Tacit BlueEdit

Thomas flew one of the most successful, high technology demonstrator programs in the history of the U.S. Air Force, Tacit Blue a top secret project that flew out of Area 51. Though originally a highly classified project; President Bill Clinton declassified some of Tacit Blue in 1996 and Thomas was then able to tell some of his story. The Tacit Blue, also known as the "whale," applied composite material and curvilinear surfaces to deflect radar.[6] The aircraft was unstable in pitch and yaw, and employed a fly-by-wire technology.[7] The first flight February 5, 1982, was flown by Thomas, the only civilian test pilot on the project.[8][9] He flew 70 of the 135 flights that were completed, including the 100th sortie in 1984.[10] Four other pilots included in the program were USAF pilots. Only a single plane was built, as it was a technology demonstrator aircraft, and it is now housed in the National Museum of the U.S. Air Force, (Wright Patterson Air Force Museum) in Dayton, Ohio.[8]

DeathEdit

Thomas died on June 19, 2006 after complications from Parkinson's disease.[8] He was 76 years old.

Personal lifeEdit

Thomas married in 1958 to Cynda Thomas (née Smith) and had three children. He moved to the Antelope Valley in 1963, to work for Northrop Grumman at Edwards Air Force Base.

HonorsEdit

Thomas became a member in 1964, and was elected a (Fellow) in 1981, of the Society of Experimental Test Pilots, (SETP). He was also a recipient of the Herman R. Salmon Award in 1977, awarded for best technical paper published in Cockpit Magazine (for the F-5 test program). He received the Iven C. Kincheloe Award in 1996 (for Tacit Blue retroactively, 1982).[11] He was named a Pioneer of Stealth in 2000, for work on Tacit Blue. He was honored and named an "Eagle" in 2004, at the Gathering of Eagles – Flight Test Historical Foundation, Edwards, California. He was recognized by the Aerospace Walk of Honor in 2005, (monument located at Boeing Plaza), in the city of Lancaster, California.[2] He also received an induction into the Nevada Aerospace Hall of Fame, in 2015 at Nellis AFB, for his work in Nevada on Tacit Blue at Area 51, including Groom Lake, and the Tonopah Test Range.[1][8][12]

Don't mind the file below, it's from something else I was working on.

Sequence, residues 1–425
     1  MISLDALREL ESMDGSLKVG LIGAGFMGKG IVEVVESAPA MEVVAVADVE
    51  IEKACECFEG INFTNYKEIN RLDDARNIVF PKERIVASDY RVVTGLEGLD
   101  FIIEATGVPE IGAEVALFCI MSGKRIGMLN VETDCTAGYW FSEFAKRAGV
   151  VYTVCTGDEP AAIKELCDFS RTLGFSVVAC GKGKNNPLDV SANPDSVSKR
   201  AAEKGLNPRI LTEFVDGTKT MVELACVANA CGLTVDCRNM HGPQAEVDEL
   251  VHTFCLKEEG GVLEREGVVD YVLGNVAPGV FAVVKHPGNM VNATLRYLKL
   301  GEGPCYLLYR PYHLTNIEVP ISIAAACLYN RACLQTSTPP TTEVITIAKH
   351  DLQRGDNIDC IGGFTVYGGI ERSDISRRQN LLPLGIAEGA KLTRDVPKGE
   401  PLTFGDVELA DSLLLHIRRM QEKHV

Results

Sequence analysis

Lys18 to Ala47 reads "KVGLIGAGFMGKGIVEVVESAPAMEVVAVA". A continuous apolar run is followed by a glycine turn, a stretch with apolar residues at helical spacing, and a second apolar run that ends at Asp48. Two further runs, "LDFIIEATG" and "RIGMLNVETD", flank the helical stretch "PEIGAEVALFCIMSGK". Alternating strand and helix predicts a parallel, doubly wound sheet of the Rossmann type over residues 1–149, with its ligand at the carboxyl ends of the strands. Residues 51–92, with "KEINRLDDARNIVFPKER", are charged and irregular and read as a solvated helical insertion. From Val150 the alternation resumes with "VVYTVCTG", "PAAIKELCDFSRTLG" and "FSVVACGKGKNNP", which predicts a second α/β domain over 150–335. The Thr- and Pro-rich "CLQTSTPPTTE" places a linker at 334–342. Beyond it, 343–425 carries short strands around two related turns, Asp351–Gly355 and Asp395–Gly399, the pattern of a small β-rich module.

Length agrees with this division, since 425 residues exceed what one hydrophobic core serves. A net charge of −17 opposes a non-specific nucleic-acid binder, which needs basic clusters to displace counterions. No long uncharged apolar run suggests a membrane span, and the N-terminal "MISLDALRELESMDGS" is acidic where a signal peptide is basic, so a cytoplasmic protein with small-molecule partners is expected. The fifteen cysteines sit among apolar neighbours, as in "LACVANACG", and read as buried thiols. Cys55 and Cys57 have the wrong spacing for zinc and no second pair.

AffiliationsEdit

BibliographyEdit

  • Thomas, Richard G. "Hell Of A Ride": The Tacit Blue Story, (2008) Iuniverse, Inc, New York, Cynda Thomas, (author) ISBN 978-0-5955-2878-3

ReferencesEdit

  1. ^ a b c d "Richard G. Thomas". Nevada Aerospace Hall of Fame.
  2. ^ a b c "2005 Honorees". City of Lancaster. 2005.
  3. ^ the integrator, Northrop Grumman (newspaper), Volume 8, No. 12, June 30, 2006, page 8 article author: Carol Ilten.
  4. ^ Merlin, Peter W.; Moore, Tony (October 15, 2008). X-Plane Crashes. Specialty Press. p. 151. ISBN 9781580072229.
  5. ^ "Test & Research Pilots". tartanterror=Scotland, United Kingdom. Retrieved 15 June 2016.
  6. ^ Chong, Tony (10 June 2016). Flying Wings & Radical Things: Northrop's Secret Aerospace Projects & Concepts 1939-1994. Specialty Press. p. 214. ISBN 9781580072298.
  7. ^ Pace, Steve (March 21, 2016). The Big Book of X-Bombers & X-Fighters: USAF Jet-Powered Experimental Aircraft and Their Propulsive Systems. Zenith Press. ISBN 9780760351420.
  8. ^ a b c d Patterson, Thom (5 February 2014). "Area 51 Spy Plane and Other Aviation Tales". CNN. Retrieved 8 June 2016.
  9. ^ Grier, Peter (August 1996). "The (Tacit) Blue Whale". Air Force Magazine. Retrieved 8 June 2016.
  10. ^ Merlin, Peter W. (2011). Area 51. Arcadia Publishing. p. 119. ISBN 9780738576206.
  11. ^ "Iven C. Kincheloe Recipients". The Society of Experimental Test Pilots.
  12. ^ Anderson, Dennis (10 November 2015). "Former test pilot inducted into aerospace hall of fame". Antelope Valley Press.

External linksEdit